High school sweethearts Lauren and Matt Accurso were counting down the days until their baby boy arrived.
“There was so much excitement because after three girls, they were having a boy,” the couple’s pastor, Matt McCloghry, told TODAY Parents. But things took a terrible turn on April 29, and 37-year-old Lauren died after a rare medical complication occurred during childbirth.
The couple’s newborn son, Matthew Loren Jr., miraculously survived but remains in the NICU at Wolfson Children’s Hospital in Jacksonville, Florida. Matthew — his name means gift from God — joins big sisters Ali Rose, 8, Naomi Belle, 5, and Layne Louise, 2. “Matthew’s vitals are good and strong,” McCloghry told TODAY Parents. “But he went through such immense trauma when he was born, and there are still many things that are not known.”
McCloghry’s wife, Jill, who is also a lead pastor at Colonial Church STA in St. Augustine, is grieving the loss of one of her closest and oldest friends. “When Lauren told me she was pregnant with a boy, she sent me 25 blue emoji hearts,” Jill recalled to TODAY Parents. “She would have loved another girl, but I think having a boy was a kiss of heaven on their lives.”
At the hospital, Matthew Jr. is wearing outfits that Lauren had lovingly picked out for him. “Every time I look at Matthew, I see Lauren,” Jill revealed. “In the middle of devastation, there is hope.”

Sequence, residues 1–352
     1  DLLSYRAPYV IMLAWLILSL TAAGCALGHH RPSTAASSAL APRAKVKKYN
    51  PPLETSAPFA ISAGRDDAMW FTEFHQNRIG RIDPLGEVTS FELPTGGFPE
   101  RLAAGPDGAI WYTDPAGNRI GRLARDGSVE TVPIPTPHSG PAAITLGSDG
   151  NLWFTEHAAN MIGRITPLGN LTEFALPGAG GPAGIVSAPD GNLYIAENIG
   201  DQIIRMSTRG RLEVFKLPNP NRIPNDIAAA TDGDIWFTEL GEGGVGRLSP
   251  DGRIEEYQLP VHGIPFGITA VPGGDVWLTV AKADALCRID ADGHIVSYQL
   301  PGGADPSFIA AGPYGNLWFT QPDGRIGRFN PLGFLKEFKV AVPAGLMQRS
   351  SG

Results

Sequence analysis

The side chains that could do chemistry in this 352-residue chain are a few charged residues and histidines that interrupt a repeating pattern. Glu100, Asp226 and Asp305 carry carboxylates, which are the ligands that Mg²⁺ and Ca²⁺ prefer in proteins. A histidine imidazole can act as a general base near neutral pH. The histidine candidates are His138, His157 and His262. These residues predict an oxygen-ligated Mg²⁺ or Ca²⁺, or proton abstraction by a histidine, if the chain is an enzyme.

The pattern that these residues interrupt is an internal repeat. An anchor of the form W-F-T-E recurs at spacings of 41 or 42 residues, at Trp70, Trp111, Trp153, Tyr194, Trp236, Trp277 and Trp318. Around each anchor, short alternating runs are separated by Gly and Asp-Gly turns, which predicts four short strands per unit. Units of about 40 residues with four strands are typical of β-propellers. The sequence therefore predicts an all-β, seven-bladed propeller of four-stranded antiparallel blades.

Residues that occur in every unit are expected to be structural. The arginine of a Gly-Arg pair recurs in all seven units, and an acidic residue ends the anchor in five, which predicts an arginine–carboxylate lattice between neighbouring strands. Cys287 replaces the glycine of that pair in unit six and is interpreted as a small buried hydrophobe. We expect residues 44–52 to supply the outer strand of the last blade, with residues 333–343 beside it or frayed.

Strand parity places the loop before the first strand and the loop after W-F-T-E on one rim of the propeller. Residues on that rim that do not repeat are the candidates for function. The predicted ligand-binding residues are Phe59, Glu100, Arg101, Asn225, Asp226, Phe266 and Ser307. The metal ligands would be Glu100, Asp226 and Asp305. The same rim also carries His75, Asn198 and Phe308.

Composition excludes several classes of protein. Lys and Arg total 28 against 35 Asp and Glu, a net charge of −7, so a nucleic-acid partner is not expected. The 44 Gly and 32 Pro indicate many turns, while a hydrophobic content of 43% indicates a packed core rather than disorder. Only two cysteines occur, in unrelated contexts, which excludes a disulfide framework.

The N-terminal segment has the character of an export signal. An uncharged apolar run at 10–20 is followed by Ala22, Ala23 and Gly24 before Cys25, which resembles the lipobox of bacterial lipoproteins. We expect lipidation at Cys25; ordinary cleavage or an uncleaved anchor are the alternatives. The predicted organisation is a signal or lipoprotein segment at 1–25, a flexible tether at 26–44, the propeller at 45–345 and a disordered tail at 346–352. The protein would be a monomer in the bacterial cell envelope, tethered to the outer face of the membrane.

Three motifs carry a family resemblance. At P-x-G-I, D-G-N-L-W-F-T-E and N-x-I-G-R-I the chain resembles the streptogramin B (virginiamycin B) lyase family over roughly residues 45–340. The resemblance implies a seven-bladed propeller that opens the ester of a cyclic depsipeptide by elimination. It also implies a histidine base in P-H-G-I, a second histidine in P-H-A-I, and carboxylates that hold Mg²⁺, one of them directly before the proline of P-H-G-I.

But there is a long road ahead for the Accurso family. Lauren’s daughters, who she homeschooled, are coping with the loss of their mother, while Matt will have to navigate life without his soulmate. “Lauren and Matt grew up in the same town,” McCloghry told TODAY Parents. “She was the only woman he ever dated, and they had this incredible, healthy marriage.”
Residents of St. Augustine are rallying around the family in their time of need with meal trains, groceries and donations “People are praying. There are so many people praying,” McCloghry said. “We need to pray and ask God to do a miracle. He can heal this baby. I believe Matthew is going to go home with a clean bill of health.”
According to a recent report released by the Centers for Disease Control, approximately 700 women die from pregnancy-related complications in the United States every year. About 31 percent occur during pregnancy, 36 percent happen during delivery of the week after birth, and 33 percent between a week and a year after birth, per the CDC. The primary causes include hemorrhage, infection, amniotic fluid embolism, hypertensive disorders of pregnancy and anesthesia complications.
Lauren was extraordinary in every way, said McCloghry. “If Lauren heard that someone at church was having a tough time, she would check in with them,” McCloghry told TODAY Parents. “I’m hearing stories now of people that would get text messages from her out of the blue. Lauren lived through the heart.”